However, not every pet superstore has fared so well, with Canadian retailer Petcetera filing for bankruptcy protection in May 2009. However, even this business has staged a recovery, emerging from bankruptcy protection in September with a slimmed-down portfolio of stores. In spite of Petcetera’s problems, the share of the Canadian market accounted for by pet superstores is set to jump by 0.6 percentage points, to 21.5%, between 2008 and 2009.
In the US market, pet shops are holding their own against pet superstores in spite of what has become known as the “great recession”. By the end of 2009, they are forecast to command market shares of 9% and 21.4%, respectively. This may partly be due to the lingering after effects of the 2007 Menu Foods’ recall, which had a significant impact on the price sensitivity of many consumers in this market, leading them to place more of an emphasis on quality, rather than price.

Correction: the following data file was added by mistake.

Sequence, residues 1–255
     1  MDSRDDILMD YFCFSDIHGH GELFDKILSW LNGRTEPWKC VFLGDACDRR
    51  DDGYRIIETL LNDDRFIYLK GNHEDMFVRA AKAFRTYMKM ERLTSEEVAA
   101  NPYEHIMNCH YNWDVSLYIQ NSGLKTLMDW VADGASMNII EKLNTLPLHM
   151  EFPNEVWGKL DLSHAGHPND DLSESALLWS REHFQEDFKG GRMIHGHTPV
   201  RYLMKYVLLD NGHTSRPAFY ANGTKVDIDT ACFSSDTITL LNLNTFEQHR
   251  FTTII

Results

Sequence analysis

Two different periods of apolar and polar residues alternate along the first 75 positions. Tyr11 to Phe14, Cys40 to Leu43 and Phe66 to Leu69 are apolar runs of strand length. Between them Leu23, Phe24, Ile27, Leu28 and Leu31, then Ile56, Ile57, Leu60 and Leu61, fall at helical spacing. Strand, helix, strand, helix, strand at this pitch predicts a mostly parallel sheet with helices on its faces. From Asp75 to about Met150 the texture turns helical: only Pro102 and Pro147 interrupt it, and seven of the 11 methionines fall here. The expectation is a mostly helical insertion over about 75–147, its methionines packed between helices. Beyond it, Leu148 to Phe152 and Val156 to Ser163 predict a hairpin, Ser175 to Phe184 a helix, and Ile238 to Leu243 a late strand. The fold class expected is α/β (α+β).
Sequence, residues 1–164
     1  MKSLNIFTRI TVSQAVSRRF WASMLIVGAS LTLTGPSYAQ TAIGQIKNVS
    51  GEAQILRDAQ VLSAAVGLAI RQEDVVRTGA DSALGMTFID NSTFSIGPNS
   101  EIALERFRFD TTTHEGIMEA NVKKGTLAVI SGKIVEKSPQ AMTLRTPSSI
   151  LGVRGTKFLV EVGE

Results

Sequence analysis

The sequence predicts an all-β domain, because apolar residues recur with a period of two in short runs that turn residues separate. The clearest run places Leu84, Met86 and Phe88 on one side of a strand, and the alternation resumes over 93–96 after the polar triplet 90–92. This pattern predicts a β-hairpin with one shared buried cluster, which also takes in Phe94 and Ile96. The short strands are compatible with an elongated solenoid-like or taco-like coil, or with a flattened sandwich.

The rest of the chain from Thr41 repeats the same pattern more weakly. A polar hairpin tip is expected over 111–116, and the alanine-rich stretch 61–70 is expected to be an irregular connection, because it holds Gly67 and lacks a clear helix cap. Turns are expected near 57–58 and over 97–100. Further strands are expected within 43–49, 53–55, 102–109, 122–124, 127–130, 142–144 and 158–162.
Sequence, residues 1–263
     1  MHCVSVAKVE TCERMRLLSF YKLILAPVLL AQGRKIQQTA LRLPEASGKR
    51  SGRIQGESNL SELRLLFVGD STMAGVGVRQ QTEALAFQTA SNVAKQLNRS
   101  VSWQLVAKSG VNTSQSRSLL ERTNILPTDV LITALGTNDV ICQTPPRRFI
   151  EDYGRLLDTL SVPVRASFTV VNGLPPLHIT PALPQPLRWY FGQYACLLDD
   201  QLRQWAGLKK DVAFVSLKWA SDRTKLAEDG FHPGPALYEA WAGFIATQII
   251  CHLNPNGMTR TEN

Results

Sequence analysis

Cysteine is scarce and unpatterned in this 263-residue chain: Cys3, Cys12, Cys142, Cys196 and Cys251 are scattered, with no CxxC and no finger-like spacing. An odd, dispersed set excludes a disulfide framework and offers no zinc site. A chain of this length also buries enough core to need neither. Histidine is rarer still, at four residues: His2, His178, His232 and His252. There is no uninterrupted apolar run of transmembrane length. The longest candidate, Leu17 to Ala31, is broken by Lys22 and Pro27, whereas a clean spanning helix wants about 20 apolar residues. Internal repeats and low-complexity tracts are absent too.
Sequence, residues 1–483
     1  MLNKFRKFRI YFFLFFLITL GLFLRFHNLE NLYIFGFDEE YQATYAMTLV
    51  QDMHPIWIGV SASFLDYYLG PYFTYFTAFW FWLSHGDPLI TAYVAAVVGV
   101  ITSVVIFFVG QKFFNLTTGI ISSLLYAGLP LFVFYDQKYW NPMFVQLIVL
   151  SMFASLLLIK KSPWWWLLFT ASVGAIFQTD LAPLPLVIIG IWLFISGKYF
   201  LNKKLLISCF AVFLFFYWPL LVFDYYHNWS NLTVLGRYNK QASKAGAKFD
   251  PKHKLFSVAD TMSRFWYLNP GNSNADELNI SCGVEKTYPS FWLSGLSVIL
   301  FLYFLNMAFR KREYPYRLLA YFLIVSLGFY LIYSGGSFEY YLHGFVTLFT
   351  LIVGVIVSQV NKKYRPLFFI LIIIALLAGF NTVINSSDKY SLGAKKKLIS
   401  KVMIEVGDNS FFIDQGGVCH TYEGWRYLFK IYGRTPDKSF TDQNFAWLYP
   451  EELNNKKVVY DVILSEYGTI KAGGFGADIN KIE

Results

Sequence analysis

Market saturation may also be playing its part, as most urban markets are now more-than-adequately served by pet superstores. This has led leading pet superstore chain PetCo to experiment with smaller format stores in suburban areas, opening the first of these stores in a San Diego suburb during summer 2009.
Other non-grocery stores, such as feed stores, have also benefited from the economic downturn. This is particularly the case in Latin America, where the channel’s market share has jumped from 17.2% in 2006 to a projected 19.7% in 2009. However, it would be erroneous to ascribe all of this growth to macro-economic fluctuations.
Latin American economies have to date been relatively unaffected by the downturn (with the notable exception of Mexico), and this retail segment was already growing strongly anyway. Nonetheless, the pace of growth has picked up as the global economic environment has deteriorated. Moreover, there is a precedent. Sales through this channel surged in Argentina in the wake of that country’s 2002 currency crisis.